The Best HDR Software- Photomatix Pro 5

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 The important factor in HDR photography is the quality and the power of the processing software. Photomatix Pro 5.0 is considered one of the top software that is capable of producing amazing and astonishing HDR photos.

In this article I will go through the software, exploring its menus and define its cons and pros. But before that let us shortly discuss what HDR photography is?

HDR photography is about shooting a scene that has a great dynamic range, for example when shooting a subject (that has shadows in its details) against a very bright background. When trying to set your exposure to show the details in the shadow part of the scene, the bright side of the scene will be over-exposed. Vice versa when trying to set your exposure to suit the bright side of the scene, you will lose much of the details on the darker side. This situation happened because of the large dynamic range of the scene compared to the dynamic range of your camera. Here exactly the HDR technique is the solution.

The HDR technique involves two main steps:

  1. Taking three or more photos at a varying exposure setting, this process is called bracketing, you may view my detailed post about bracketing and how to do it.
  2. Use special software to align and merge the bracketed photos and get the final HDR photo.

Here are some sample photos that were taken by the HDR techniques

Photomatix Pro 5.0 Software                                       

Photomatix Pro used to be my favorite HDR software. It is easier to use, faster, and has more presets for you to choose from. It is in the photography market since 2003. It has gone a long way in improving and adding new updates.

Basic workflow

In the main menu of Photomatix, you will start by loading the bracketed images.

1- Loading images into Photomatix

Photomatix Pro loads images in the following file formats:

  • JPEG
  • TIFF 8-bit and TIFF 16-bit
  • PSD 8-bit and PSD 16-bit
  • Camera RAW (see more details below)

Photomatix Pro also supports 32-bit HDR image file formats:

  • Radiance RGBE (Open and Save)
  • OpenEXR (Open and Save)
  • TIFF 32-bit (Open and Save)

You can load the images in any order, regardless of their Exposure Value. The following image shows the loading file menu.

Loading menu

2- Aligning and merging

The aligning option lets you select from four different preset settings:

  • On Tripod
  • Handheld (minimal movement)
  • Handheld (standard)
  • Handheld (large shifts)

You can also enable or disable removing ghosts, noise reduction, chromatic aberrations and some simple raw settings.

Merging Menu

If you enable the “remove ghosts” function, you will then see the ghost removal window. You can choose the manual or automatic mode. Check this option when you having moving objects or people in your scene.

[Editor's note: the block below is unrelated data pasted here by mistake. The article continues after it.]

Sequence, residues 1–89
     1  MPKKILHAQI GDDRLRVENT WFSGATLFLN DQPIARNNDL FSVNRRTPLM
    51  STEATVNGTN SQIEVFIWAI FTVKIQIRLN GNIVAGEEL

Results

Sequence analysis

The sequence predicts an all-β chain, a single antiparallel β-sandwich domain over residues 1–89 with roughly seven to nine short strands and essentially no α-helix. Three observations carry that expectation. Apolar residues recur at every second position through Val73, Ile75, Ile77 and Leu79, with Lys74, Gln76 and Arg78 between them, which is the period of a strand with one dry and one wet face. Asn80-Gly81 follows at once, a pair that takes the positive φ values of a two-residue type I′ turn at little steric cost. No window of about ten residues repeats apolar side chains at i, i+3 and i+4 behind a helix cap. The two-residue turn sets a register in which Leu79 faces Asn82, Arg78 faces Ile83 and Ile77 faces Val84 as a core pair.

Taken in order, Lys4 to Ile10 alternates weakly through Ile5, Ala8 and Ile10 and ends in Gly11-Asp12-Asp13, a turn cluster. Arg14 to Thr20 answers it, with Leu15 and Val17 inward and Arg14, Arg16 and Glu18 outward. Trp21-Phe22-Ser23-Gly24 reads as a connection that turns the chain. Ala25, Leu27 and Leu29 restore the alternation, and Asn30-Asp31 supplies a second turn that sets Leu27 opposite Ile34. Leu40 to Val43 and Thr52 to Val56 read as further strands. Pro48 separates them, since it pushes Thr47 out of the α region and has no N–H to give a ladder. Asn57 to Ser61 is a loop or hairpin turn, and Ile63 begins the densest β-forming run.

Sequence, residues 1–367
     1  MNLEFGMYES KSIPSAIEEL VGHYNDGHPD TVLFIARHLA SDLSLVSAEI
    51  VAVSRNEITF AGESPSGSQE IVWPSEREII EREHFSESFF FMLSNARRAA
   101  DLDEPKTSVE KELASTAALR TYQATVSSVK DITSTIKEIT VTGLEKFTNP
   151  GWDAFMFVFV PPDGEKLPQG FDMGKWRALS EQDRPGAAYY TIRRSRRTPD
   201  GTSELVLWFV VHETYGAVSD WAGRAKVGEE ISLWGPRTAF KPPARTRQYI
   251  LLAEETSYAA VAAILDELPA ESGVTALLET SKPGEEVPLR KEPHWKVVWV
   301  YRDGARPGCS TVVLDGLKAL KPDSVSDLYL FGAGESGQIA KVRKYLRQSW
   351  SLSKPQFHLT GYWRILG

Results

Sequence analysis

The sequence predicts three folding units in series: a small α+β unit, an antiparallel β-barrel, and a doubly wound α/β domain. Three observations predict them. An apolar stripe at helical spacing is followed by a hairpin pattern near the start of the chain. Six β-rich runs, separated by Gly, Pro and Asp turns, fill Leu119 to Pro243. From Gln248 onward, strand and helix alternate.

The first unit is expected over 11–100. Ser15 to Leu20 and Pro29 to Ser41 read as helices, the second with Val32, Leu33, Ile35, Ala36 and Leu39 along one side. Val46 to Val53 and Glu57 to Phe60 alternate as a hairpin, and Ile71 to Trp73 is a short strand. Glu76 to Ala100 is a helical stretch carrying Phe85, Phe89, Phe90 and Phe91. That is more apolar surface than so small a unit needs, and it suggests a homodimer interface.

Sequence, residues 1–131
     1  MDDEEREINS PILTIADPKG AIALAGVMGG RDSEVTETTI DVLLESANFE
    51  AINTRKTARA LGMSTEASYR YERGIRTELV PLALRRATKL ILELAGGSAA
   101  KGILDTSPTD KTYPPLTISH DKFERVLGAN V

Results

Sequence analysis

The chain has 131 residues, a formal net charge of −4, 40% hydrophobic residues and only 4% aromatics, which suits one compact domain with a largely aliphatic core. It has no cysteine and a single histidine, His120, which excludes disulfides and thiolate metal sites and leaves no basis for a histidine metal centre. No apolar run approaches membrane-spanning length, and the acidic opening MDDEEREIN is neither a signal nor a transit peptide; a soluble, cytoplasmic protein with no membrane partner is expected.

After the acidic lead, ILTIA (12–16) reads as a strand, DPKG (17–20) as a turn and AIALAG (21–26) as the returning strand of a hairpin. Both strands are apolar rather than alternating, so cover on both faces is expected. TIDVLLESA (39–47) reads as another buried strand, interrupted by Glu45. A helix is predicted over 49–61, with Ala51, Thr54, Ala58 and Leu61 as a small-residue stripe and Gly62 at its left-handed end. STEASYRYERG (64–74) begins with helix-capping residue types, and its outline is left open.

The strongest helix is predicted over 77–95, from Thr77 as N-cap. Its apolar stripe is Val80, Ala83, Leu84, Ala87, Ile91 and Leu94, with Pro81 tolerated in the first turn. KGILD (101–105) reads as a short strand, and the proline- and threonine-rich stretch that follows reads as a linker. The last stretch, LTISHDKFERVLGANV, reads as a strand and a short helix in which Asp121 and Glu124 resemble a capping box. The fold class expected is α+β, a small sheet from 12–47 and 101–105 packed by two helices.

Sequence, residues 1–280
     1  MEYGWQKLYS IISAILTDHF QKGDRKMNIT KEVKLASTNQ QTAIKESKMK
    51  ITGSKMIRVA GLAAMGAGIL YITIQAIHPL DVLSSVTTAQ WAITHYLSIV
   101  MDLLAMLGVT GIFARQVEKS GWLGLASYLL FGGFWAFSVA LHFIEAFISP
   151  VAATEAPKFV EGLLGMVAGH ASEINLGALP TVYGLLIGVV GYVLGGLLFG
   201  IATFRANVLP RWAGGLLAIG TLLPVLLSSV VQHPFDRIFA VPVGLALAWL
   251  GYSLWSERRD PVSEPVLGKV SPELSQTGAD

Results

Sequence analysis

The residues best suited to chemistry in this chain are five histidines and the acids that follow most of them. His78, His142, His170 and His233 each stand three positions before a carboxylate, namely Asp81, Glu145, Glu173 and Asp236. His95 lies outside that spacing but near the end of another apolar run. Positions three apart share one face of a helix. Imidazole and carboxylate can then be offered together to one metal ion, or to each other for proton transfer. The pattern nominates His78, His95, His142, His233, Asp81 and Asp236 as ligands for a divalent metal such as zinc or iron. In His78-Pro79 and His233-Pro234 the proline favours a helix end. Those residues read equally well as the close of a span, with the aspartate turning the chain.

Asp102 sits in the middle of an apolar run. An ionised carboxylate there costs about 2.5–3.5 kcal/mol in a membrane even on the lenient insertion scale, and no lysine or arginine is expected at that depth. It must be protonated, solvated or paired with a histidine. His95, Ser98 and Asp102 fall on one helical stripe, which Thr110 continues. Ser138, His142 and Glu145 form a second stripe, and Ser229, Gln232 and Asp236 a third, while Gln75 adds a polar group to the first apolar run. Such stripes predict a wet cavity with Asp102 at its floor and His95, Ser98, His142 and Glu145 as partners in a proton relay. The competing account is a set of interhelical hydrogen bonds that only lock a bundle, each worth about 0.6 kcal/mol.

After processing the images according to the privies setting the merged photos appears.

Fter merging menu

3- Tone mapping / Exposure Fusion

Here comes the main menu for adjusting the final photos. You can choose a style for your image by clicking one of the thumbnails on the preset panel on the right. The preview panel in the middle shows a preview of the final image. The setting panel on the left lets you refine the effect by adjusting the setting. You can always undo or redo setting, restore to the default setting with the buttons at the bottom of the sliders.

There are two main setting options to choose from:

  • HDR Tone Mapping is composed of two steps. The first step merges differently exposed photos to a 32 bits/channel unprocessed HDR image. Such image cannot be displayed properly on standard monitors, which is why a second step called Tone Mapping is necessary. Tone Mapping consists of scaling each pixel of the HDR image so that details in highlights and shadows show correctly on monitors and prints (these details are available in the unprocessed 32-bit image but not directly visible because of the low dynamic range of the display).
  • Exposure Fusion combines the source photos in such a way that highlight details are taken from the underexposed photos and shadow details from the overexposed ones. The fused image is, therefore, a weighted average of the source images. Exposure Fusion has the advantage of being easy to understand and is familiar to photographers who are used to doing this process manually in image editing applications. Also, Exposure Fusion has the nice side effect of reducing noise.

The table below lists the main pros and cons of both processes:

comparison table maping againist fusion

The figures below show the result of different settings:

Default preset
Default preset
Balanced Preset
Balanced Preset
Painterly Preset
Painterly Preset

After you are satisfied with your setting, click the ”Apply” button to get the final image.

Final photo
Final photo

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